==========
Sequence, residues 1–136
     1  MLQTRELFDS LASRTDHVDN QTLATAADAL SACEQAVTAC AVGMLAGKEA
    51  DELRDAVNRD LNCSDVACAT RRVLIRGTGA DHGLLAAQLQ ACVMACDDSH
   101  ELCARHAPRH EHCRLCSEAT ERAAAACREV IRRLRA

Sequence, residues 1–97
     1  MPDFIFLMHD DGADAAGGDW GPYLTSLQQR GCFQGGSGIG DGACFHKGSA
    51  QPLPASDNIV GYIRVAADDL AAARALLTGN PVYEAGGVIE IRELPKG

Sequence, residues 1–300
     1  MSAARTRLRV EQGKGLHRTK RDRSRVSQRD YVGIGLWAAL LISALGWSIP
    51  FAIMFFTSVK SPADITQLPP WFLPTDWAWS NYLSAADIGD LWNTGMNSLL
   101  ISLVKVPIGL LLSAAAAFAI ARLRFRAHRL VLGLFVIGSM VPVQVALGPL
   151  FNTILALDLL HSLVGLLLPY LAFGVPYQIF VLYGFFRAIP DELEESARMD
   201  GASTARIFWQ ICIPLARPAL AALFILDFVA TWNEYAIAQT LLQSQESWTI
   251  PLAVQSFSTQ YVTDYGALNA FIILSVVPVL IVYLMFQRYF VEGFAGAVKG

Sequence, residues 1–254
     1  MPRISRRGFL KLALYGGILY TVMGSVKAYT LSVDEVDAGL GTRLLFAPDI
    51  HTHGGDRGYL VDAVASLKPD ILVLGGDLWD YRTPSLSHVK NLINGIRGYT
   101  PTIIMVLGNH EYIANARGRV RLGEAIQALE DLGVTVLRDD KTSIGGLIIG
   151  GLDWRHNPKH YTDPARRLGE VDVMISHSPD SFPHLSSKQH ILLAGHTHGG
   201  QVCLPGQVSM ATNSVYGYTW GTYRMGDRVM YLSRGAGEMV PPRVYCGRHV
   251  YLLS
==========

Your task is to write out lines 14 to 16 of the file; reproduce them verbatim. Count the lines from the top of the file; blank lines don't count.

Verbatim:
   251  PLAVQSFSTQ YVTDYGALNA FIILSVVPVL IVYLMFQRYF VEGFAGAVKG

Sequence, residues 1–254
     1  MPRISRRGFL KLALYGGILY TVMGSVKAYT LSVDEVDAGL GTRLLFAPDI